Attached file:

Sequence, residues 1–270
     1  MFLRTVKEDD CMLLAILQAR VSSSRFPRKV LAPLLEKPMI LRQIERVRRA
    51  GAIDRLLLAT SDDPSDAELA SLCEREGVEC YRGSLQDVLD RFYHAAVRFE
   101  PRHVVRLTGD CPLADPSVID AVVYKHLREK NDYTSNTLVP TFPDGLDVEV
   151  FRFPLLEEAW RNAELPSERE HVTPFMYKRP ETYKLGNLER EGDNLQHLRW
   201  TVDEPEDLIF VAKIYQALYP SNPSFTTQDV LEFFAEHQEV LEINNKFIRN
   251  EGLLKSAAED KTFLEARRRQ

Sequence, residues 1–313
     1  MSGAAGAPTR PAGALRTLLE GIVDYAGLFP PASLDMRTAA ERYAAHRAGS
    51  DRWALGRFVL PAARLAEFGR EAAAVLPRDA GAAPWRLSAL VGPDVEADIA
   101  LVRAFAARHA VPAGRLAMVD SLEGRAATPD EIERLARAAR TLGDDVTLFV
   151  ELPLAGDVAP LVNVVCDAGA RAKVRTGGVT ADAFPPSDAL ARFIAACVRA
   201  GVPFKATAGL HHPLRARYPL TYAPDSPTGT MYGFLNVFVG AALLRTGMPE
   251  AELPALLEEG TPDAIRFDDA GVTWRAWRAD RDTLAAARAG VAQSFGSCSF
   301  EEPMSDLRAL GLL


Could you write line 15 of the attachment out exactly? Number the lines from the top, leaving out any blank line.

   301  EEPMSDLRAL GLL